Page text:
• In Ferris Bueller's Day Off, Principal Rooney discovers to his misfortune that the Buellers' family pet is a large Rottweiler.
  • Fletch has the title character encounter one of these while snooping around at a construction site. Quick thinking enables him to distract it by yelling, "Look, defenseless babies!"
  • Lethal Weapon 3 deconstructs the trope as Martin Riggs placates a rottweiler guard dog with dog biscuits, then de facto adopts him.
  • In The Lost Boys, Thorn appears friendly when he's accompanied by his human, but turns into this trope when anyone tries to trespass in his yard. He's been trained to be this way.
  • The Boys from Brazil: The dobermans that are ordered to attack Josef Mengele.
  • Played straight in Babe where Rex did not like Babe, though he would eventually come to respect and help him out. And the dogs that attacked Maa are portrayed as such. But subverted with Fly, who adopted Babe.
  • In The Dark Knight, this is arguably Batman's weakness: first bandits, then The Joker, sic angry dogs at him and Bats has quite some trouble fending them off.
  • Napoleon and LaFayette from The Aristocats. They're a pair of unintelligent dogs who for some reason both hate Edgar.
    • Their dialogue suggests that they attack anyone who comes close to their farm.
  • In the 1980s Henry Winkler movie Night Shift, the rather nebbishy and timid main character is shown to be frequently tormented by a neighbor's dog who relentlessly pursues him through the apartment complex where he lives, barking furiously. It's a sign of Character Development towards the end when he finally gets fed up and bellows "Go home!" as it's bounding towards him... and it slinks away with it's tail between its legs.
  • The family dog in the Dutch Flodder movies constantly attacks newspaper boys and many other people.
  • Played with in The Adventures of Tintin where Tintin is attacked by a giant rottweiler outside of Marlinspike hall who becomes docile and friendly as soon as Snowy loyally leaps out in front to defend Tintin. The dog continues to be comical and friendly throughout the rest of the film.
  • Sam faces two of the junkyard breed in Transformers. They can rip their chains out of the concrete!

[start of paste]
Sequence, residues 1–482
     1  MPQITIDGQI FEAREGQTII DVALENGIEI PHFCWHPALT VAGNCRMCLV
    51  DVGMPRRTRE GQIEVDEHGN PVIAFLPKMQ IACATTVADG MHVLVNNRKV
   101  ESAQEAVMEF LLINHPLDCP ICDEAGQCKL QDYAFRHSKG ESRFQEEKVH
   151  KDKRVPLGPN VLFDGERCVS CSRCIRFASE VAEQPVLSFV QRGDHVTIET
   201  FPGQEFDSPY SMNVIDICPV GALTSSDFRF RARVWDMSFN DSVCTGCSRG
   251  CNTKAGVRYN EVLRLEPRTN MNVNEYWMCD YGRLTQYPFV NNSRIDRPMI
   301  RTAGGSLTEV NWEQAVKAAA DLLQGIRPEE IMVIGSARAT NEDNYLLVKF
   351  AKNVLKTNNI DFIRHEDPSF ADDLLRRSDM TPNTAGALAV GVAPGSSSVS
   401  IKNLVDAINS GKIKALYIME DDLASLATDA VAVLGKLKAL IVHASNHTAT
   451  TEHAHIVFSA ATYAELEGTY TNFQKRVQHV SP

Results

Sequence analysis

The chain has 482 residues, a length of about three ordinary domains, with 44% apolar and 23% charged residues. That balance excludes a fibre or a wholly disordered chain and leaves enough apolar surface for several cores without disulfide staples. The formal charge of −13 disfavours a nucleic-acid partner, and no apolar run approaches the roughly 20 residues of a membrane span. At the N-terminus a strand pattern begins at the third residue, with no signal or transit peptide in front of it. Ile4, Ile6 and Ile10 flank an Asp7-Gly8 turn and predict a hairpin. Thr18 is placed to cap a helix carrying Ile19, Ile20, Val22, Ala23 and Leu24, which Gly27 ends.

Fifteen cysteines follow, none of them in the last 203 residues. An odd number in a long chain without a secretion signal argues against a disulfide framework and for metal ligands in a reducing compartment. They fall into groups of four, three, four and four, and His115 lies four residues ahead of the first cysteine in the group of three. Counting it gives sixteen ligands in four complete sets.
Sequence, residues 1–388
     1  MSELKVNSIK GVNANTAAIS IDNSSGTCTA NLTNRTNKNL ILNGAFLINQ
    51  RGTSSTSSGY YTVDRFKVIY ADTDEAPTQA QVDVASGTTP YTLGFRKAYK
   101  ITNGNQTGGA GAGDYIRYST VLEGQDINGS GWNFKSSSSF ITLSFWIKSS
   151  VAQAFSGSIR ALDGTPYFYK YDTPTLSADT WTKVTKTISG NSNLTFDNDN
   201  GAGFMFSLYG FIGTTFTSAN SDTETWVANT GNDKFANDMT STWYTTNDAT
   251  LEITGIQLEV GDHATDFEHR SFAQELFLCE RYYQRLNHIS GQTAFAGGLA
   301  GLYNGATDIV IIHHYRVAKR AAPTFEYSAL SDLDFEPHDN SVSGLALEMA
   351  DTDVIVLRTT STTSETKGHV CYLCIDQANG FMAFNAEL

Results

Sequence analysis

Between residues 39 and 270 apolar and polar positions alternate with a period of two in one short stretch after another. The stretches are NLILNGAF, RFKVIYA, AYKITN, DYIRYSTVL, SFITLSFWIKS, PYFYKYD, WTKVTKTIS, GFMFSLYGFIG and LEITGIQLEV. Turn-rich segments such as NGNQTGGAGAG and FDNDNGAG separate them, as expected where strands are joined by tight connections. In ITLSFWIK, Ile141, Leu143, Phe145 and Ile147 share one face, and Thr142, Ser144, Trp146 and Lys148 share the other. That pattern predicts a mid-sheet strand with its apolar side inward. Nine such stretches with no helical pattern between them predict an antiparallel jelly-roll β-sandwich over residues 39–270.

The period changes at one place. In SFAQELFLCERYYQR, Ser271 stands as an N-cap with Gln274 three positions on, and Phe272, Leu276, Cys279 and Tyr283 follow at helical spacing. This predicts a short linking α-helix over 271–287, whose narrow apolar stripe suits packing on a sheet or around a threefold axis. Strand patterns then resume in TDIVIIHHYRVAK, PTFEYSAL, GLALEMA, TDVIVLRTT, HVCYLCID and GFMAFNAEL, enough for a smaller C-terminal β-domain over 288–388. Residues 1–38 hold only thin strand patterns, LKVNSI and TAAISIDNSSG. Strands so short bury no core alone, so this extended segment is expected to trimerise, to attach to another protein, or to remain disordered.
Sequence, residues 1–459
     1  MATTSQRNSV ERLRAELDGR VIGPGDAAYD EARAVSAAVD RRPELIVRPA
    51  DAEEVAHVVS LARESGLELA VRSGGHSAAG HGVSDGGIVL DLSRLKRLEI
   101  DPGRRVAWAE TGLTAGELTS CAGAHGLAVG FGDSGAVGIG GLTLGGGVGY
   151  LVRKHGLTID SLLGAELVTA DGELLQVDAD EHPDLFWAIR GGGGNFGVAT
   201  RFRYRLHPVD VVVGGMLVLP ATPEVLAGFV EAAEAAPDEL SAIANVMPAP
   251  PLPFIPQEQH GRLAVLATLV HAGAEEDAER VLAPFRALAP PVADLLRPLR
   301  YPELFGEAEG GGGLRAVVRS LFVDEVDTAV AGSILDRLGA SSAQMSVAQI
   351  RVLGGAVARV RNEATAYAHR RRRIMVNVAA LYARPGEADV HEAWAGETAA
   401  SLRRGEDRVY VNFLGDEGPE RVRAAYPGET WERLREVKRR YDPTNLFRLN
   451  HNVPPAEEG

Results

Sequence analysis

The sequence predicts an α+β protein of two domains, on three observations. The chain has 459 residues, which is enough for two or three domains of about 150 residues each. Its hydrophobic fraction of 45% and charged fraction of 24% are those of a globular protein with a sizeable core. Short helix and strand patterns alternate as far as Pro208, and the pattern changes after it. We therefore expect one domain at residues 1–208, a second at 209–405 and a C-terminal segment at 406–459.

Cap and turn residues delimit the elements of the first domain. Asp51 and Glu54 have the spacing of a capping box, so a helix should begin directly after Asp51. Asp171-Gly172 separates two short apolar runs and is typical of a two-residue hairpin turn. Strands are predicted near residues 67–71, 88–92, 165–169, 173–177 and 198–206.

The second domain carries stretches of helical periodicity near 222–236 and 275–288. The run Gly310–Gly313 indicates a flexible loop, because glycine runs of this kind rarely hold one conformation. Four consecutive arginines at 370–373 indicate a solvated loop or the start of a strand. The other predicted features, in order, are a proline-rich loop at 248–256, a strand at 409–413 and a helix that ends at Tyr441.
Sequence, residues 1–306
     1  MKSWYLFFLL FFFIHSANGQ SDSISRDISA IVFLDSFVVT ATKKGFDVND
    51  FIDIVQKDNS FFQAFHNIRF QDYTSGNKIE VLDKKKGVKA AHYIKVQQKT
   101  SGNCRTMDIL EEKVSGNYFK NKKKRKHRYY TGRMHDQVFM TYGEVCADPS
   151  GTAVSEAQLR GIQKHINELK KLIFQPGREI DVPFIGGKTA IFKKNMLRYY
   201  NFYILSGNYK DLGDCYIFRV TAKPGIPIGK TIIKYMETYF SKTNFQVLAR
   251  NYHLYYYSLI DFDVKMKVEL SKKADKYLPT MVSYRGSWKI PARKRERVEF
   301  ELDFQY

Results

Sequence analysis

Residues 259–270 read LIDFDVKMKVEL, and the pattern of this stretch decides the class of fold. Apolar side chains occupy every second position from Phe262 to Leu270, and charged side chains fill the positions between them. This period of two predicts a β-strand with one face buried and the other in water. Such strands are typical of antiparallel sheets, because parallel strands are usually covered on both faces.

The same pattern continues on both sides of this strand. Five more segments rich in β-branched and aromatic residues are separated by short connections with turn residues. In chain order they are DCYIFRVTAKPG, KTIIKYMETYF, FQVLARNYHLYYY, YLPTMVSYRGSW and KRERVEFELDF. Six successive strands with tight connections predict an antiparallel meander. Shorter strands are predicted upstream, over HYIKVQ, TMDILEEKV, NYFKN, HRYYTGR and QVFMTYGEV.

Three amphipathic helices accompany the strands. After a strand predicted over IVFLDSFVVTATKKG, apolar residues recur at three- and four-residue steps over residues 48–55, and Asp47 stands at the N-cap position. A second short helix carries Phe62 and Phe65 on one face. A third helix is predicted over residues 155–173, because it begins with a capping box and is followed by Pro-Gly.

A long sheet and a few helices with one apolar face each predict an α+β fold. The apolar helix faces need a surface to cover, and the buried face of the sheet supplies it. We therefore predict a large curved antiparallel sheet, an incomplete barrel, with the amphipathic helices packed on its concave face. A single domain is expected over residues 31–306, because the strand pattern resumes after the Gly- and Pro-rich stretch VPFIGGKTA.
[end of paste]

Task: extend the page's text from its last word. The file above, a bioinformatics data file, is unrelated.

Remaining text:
Folk Lore

  • Older Than Feudalism: In Greek/Roman mythology:
    • Cerberus is the three-headed guard dog of the Underworld, assigned to prevent the dead from leaving, as well as making sure living people don't try to slip into the Underworld to visit, or worse yet, rescue dead loved ones or dead prophets. It's always a big deal when someone like Orpheus, Hercules or Aeneus finds a way to get around him.
    • Orthus, Cerberus' lesser known two-headed brother. He's best known for being the guard and herd dog of the fabulous red cattle of the triple-bodied monster Geryon, and is, according to the poet Hesiod, the father of his siblings, by his mother Echidna, the Chimera, the Sphinx, the Hydra, and strangely, the Nemean Lion.
  • Garm the Hound of Hel from Norse Mythology, guards the gates of the underworld until Ragnarok.


  • In Dan Abnett's Warhammer 40000 novel Brothers of the Snake, the High Legislator has a fierce black guard dog. The Space Marine, however, manages to tame them with a whistle. He brings along one to help with the Dark Eldar.
  • Richard Adams' Watership Down plays the trope straight and desperate. The hero rabbits consider dogs much like humans considered using an atomic bomb in a war: it destroys their enemies, but at a heavy price. In this case, they are alerting the dog and the owning farmer that there is a rabbit warren near the farm. Considering the Efrafans are fighting to massacre the Watership Down warren, that was considered the lesser of two evils.